Widow of Veteran Not Eligible for VA Benefits Because Veteran Received Dishonorable Discharge

The United States Court of Appeals for the Federal Circuit held that the widow of veteran was not eligible for VA compensation and death benefits because veteran received a dishonorable discharge. Garvey v. Wilkie (Court of Appeals Federal Circuit 08/28/2020)

John P. Garvey served in the Army from 1966 to 1970. After training, Garvey was posted to Germany, where he served until November 1967. While in Germany, Garvey was punished for “disorderly conduct.” Then, in December 1967, Garvey was posted to Vietnam, where his record deteriorated significantly. Because of events of misconduct, Garvey was discharged as unfit for service in 1970, with an “Undesirable Discharge.”

In 1977, under the Special Discharge Review, Garvey’s discharge status was upgraded to “Under Honorable Conditions (General).” However, in 1978, a Discharge Review Board found that Garvey would not have been entitled to an up-grade under generally applicable standards. As a result, Garvey from prevented from receiving benefits on the basis of his upgraded status.

Diana Garvey married John Garvey in 1979. John Garvey died in 2010. In 2012, Mrs. Garvey applied for dependency and indemnity compensation and death pension benefits on the basis of John Garvey’s service.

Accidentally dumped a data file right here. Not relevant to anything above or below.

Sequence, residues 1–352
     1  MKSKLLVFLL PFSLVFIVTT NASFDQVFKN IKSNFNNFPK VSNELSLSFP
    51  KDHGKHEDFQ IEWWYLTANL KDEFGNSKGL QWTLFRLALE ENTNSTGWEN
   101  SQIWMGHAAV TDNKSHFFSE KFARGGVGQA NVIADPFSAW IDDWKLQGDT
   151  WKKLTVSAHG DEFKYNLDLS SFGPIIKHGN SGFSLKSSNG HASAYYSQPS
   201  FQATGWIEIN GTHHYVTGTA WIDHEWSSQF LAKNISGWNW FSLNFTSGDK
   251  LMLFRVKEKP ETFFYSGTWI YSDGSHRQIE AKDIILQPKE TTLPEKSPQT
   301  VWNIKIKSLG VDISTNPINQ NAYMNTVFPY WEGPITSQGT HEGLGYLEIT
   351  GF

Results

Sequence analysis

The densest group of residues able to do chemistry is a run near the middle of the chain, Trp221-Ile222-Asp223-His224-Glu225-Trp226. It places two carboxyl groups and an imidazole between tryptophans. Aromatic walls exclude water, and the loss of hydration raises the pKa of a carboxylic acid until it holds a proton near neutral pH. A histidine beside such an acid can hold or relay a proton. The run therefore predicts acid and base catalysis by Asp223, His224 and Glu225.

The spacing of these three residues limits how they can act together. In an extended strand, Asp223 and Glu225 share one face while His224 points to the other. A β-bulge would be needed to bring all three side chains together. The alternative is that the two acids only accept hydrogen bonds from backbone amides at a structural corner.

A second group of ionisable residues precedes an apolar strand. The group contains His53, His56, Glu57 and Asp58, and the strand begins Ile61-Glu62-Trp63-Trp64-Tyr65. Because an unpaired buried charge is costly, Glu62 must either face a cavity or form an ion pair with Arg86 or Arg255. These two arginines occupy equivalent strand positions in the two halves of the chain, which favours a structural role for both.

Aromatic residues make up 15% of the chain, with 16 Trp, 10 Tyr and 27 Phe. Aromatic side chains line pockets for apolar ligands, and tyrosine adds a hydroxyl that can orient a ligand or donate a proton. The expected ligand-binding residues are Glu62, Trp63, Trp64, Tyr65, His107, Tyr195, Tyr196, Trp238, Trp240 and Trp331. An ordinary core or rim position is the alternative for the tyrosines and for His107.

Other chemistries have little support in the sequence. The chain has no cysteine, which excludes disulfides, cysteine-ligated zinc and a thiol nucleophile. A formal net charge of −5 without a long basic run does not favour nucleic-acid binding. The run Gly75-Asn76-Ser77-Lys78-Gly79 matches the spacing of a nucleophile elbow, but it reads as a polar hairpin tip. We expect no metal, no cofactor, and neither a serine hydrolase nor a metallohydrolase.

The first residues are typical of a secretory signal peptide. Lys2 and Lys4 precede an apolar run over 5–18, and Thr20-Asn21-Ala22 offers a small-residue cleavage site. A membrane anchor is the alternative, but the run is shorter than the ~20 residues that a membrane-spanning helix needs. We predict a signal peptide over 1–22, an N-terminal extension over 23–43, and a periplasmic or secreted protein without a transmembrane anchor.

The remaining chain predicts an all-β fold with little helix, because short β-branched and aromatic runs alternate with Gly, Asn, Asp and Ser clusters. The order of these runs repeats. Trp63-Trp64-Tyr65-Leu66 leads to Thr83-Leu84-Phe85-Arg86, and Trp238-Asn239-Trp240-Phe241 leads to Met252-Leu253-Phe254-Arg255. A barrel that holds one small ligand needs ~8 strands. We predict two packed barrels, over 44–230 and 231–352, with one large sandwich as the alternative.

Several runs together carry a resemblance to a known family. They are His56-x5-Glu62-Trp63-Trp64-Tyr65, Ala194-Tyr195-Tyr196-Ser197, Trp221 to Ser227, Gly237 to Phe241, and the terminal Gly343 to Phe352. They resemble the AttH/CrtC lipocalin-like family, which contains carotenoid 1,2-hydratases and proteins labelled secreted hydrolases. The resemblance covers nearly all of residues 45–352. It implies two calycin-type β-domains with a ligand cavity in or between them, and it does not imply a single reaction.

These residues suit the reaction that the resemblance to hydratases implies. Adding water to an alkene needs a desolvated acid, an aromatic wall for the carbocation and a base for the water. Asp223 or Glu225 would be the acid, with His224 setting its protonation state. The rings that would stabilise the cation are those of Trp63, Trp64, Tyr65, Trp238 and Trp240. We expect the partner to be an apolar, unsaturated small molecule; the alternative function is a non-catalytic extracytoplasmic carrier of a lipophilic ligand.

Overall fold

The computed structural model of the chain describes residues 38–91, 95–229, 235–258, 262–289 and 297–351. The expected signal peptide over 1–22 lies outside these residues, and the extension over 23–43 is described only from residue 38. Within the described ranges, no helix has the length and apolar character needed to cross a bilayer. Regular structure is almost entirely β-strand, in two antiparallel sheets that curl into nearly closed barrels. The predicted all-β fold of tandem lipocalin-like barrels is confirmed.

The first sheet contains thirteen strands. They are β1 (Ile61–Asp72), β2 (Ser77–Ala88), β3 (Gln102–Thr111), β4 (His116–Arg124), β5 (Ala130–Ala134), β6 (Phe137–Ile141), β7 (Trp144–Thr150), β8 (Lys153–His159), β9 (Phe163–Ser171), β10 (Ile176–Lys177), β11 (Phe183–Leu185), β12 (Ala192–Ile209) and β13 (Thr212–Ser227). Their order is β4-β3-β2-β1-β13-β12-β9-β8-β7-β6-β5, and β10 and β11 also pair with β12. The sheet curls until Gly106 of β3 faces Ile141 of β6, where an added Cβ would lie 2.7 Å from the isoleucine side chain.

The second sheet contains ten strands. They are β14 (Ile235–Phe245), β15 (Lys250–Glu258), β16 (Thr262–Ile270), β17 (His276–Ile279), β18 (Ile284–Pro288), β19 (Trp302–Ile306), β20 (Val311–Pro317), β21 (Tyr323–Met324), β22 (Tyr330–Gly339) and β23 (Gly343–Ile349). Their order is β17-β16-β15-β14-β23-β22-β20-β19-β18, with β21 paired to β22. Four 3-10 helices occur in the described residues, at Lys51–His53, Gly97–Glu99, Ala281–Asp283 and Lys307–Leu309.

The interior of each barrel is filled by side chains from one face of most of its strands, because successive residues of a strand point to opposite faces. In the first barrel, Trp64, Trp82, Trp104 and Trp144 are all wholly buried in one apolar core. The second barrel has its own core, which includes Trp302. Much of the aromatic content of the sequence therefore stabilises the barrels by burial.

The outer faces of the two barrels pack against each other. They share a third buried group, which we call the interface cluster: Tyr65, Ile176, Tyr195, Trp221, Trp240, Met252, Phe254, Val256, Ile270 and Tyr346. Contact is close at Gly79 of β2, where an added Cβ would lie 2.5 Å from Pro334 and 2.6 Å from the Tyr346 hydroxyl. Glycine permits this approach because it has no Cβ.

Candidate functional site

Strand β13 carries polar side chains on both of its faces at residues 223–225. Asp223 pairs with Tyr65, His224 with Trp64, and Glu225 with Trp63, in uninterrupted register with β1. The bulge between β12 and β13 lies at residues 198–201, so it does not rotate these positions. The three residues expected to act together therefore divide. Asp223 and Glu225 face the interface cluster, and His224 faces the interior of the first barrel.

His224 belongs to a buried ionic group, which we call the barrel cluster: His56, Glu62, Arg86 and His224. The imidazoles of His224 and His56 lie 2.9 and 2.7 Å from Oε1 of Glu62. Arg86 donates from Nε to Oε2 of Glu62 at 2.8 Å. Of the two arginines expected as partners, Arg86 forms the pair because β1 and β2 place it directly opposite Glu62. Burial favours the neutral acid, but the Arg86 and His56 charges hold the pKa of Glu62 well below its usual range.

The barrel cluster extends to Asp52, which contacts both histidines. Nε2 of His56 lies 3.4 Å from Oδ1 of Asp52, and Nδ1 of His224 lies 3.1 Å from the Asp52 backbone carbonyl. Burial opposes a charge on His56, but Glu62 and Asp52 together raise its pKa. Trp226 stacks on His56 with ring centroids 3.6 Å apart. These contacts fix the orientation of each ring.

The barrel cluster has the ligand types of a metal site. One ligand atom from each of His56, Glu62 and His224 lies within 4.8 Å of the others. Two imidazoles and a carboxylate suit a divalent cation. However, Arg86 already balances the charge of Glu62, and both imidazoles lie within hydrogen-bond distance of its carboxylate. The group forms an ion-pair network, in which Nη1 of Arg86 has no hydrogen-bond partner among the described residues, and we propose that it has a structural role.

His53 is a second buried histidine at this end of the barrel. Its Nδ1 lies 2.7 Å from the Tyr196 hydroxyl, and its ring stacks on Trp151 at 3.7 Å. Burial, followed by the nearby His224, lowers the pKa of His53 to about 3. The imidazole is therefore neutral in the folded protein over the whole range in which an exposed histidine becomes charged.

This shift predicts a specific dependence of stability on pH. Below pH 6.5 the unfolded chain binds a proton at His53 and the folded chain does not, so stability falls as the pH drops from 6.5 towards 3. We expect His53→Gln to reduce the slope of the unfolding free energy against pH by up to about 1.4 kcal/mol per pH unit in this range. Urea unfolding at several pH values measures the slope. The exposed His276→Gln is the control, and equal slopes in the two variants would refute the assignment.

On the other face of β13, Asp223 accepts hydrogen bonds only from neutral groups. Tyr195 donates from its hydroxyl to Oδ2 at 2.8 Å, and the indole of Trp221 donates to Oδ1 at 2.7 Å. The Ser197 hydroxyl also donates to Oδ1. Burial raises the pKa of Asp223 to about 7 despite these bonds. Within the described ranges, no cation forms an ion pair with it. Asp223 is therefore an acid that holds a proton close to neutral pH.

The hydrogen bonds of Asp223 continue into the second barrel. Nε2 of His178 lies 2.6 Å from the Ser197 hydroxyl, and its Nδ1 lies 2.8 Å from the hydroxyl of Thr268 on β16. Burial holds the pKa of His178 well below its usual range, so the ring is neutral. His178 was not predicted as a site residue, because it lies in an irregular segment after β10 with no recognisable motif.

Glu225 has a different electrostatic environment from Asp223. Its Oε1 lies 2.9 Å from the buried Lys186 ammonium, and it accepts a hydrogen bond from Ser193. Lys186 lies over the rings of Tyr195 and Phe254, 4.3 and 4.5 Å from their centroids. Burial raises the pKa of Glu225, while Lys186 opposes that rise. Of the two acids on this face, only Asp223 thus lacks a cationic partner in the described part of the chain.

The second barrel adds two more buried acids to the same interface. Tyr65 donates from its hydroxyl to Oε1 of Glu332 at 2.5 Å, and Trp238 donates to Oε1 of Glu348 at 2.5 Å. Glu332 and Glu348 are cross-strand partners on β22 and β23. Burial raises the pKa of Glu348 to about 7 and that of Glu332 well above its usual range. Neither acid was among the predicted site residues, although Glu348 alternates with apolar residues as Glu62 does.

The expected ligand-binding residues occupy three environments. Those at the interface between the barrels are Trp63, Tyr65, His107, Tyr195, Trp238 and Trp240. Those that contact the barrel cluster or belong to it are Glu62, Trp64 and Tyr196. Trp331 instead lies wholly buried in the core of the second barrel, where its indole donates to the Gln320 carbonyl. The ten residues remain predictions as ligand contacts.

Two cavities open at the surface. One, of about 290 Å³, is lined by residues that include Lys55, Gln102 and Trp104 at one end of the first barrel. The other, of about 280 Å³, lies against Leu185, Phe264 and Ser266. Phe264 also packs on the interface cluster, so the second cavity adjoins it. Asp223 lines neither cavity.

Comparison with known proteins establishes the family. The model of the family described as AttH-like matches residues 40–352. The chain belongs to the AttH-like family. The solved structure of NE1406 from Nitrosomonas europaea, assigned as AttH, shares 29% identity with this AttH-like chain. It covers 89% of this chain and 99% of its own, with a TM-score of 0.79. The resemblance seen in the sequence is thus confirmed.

In 2018, the Board of Veterans’ Appeals (“Board”) denied Mrs. Garvey’s claim. The Board concluded that her husband was ineligible for benefits because he was discharged for “willful and persistent misconduct,” which under military statutes is a bar to benefits. In 2019, the United States Court of Appeals for Veterans Claims (“Veterans Court”) affirmed the Board’s decision, rejecting Mrs. Garvey’s contention that the “willful and persistent misconduct” bar is contrary to statute.

Mrs. Garvey appealed. On appeal Mrs. Garvey did not dispute that her husband was discharged for willful and persistent misconduct, or that this rendered him ineligible for benefits under the regulations. However, Mrs. Garvey asserted that the statute lists six situations where a former service member is barred from receiving veterans’ benefits but does not list “willful and persistent misconduct” as one of the statutory bars. Therefore, her claim for VA benefits should have been approved.

The United States Court of Appeals for the Federal Circuit affirmed the denial of benefits. The court held that the section cited by Mrs. Garvey is not the exclusive test for benefits ineligibility. Because the VA was authorized to define the discharge status for “willful and persistent misconduct” as under “dishonorable conditions” pursuant to statute, the court said Mrs. Garvey was precluded from benefits. Per the court, the “willful and persistent misconduct” standard is consistent with the mandate of denying benefits to those who committed serious misconduct during service even if the service member did not receive a dishonorable discharge.

The case is annexed here – [gview file=”https://vanarellilaw.com/wp-content/uploads/2020/08/Garvey-v.-Secretary-of-Veterans-Affairs.pdf”]

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